Landowner seeks to build hotels, vineyards in southwest Paso Robles

City Council will consider annexing land near Target for mixed-use project, including vineyards

tstrickland@thetribunenews.comSeptember 30, 2013 

The initial steps to bring a major annexation project proposing hotels and vineyards on Paso Robles’ southwest side will be considered Tuesday night by the City Council.

Called the Paso Robles Gateway Project, the development would annex from San Luis Obispo County to the city approximately 270 acres at Highway 101 and Highway 46 West, near South Vine Street. The proposal includes three separate hotels, approximately 62,300 square feet of retail and office space, up to 35 single-family residential units on one half- to one-acre lots, 114 acres of vineyards and additional open space.

Realigning South Vine Street toward the west so that it would line up with Gahan Place across Highway 46 West is also proposed.

The applicant is landowner Michael Furlotti from the Bay Area, according to the city.

The annexation and associated project proposal are not part of the city’s long-range planning goals. Studies are first needed to see how the project would mesh with the city.

Water is the big question, Mayor Duane Picanco said Monday.

“We’re going to require that we make certain that they verify we have enough water. We think we do, but we want to make sure,” he said.

So far, the idea is that the development could buy additional water from Nacimiento Lake, he said, noting that it’s unclear whether the proposed project lies over the dwindling Paso Robles groundwater basin or the healthier Atascadero sub-basin. That distinction will require further study.

Water is a hot topic in the North County as reports of precipitous drops in groundwater levels in the Paso Robles basin continue to emerge. The battle over water pits large property owners, such as wineries, against rural landowners as county supervisors consider solutions. The city of Paso Robles has remained firm that it has enough water to serve its planned growth to 44,000 people — its population is currently around 30,000 — because of current conservation measures and incoming water the city has bought from Nacimiento Lake.

The Gateway Project would need to buy additional water from Nacimiento Lake, have it treated at the city’s soon-to-be-built treatment plant and then distribute it through city pipes, city planning manager Susan DeCarli said.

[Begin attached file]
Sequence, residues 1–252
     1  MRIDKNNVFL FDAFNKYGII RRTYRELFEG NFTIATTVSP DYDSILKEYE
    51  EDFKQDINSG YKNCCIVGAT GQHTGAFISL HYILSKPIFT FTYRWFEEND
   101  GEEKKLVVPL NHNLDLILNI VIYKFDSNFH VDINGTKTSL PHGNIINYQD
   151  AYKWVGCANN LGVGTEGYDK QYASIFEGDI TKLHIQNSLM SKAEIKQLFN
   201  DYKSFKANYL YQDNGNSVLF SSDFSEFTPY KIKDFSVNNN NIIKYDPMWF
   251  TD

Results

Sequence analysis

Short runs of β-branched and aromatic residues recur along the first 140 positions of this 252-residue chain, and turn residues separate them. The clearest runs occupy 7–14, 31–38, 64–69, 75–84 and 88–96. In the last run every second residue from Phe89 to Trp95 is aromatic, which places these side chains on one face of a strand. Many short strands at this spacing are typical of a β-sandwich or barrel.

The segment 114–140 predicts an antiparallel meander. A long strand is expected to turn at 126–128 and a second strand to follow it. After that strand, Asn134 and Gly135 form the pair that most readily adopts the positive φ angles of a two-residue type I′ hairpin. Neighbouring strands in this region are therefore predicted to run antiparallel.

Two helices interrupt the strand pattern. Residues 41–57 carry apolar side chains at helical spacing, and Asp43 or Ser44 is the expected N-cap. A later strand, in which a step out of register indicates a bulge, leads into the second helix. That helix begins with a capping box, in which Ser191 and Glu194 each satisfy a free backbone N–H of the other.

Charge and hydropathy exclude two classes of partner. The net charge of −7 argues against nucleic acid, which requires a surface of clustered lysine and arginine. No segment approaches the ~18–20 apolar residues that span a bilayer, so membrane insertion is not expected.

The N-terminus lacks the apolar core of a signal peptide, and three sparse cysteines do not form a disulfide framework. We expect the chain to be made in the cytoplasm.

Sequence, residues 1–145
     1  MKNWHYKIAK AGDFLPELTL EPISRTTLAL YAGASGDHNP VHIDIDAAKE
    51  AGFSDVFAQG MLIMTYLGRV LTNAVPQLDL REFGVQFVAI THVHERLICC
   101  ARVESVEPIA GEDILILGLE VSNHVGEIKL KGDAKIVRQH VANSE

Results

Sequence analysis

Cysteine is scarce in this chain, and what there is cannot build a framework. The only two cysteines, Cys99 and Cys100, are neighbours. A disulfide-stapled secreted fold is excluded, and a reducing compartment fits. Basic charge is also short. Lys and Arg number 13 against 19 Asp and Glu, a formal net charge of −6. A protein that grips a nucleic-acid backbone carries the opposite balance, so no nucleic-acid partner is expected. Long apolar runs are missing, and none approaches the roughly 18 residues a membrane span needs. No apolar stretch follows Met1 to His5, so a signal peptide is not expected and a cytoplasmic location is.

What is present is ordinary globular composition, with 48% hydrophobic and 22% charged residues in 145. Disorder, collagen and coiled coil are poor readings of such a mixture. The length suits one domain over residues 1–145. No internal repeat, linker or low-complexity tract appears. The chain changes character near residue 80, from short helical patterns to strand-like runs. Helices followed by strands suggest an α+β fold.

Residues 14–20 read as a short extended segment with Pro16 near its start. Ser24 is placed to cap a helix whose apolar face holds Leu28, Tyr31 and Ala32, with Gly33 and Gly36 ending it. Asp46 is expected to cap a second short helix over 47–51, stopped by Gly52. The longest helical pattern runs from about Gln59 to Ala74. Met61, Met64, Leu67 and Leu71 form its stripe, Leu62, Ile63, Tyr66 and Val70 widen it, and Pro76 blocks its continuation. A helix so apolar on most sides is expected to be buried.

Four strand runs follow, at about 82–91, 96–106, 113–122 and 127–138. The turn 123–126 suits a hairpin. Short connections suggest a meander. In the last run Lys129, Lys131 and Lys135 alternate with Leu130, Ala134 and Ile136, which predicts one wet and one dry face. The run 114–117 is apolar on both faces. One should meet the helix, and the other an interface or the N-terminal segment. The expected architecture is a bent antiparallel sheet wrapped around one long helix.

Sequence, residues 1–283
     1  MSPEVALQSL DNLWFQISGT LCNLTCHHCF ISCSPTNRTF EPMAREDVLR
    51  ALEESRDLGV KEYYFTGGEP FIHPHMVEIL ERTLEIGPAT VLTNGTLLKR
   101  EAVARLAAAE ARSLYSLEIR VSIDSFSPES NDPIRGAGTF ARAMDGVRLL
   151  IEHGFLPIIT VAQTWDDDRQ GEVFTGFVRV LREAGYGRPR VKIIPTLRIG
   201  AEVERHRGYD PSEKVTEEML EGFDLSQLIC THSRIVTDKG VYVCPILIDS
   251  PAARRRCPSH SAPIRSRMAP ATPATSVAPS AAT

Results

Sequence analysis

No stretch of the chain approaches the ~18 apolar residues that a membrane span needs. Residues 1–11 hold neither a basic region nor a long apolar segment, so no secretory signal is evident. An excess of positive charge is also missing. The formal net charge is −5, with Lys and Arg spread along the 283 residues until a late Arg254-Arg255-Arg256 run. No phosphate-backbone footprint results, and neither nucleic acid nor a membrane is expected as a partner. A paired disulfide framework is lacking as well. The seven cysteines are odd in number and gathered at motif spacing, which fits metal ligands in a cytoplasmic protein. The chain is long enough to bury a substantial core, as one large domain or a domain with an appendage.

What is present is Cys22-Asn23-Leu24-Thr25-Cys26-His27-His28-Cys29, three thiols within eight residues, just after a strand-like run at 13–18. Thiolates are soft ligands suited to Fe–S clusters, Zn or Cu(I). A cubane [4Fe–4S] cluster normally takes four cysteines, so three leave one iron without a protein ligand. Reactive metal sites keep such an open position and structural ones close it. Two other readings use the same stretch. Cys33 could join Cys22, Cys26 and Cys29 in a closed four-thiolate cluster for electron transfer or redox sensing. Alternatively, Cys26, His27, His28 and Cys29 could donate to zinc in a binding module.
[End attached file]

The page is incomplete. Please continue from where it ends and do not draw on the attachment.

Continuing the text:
“Part of the (environmental study) will need to demonstrate how (and) if all of this can be achieved, at no additional cost to existing citizens,” she added. For Picanco, the road re-alignment portion of the proposal is a plus for the city, and overall, he said the council is open to hearing about plans for new development and seeing what the studies turn up.

“We’re always accepting to hearing proposals,” Picanco said. “We don’t always accept them. But we’re receptive.”

The county has to be on board with the plan as well. The property would have to be annexed into the city before being developed, and the local board that considers annexation requests, the San Luis Obispo Local Agency Formation Commission, would have to review the plans before they can come back to the City Council for consideration, DeCarli said.

“We’ve got a long way to go first,” she added.

Two contracts will come before the council tonight, both to be paid by the applicant.

The first will be a lengthy study on how the development would impact the environment in matters such as noise, air quality and traffic. The second is the water assessment study.

The water assessment is due in the spring, while the first public draft of the environmental study will follow in June, according to the city.

The city will consider awarding the environmental study to AECOM in San Luis Obispo for $232,784 and the water study to Todd Engineers in Alameda for $19,860.

Bid proposals for both studies went out earlier this year.

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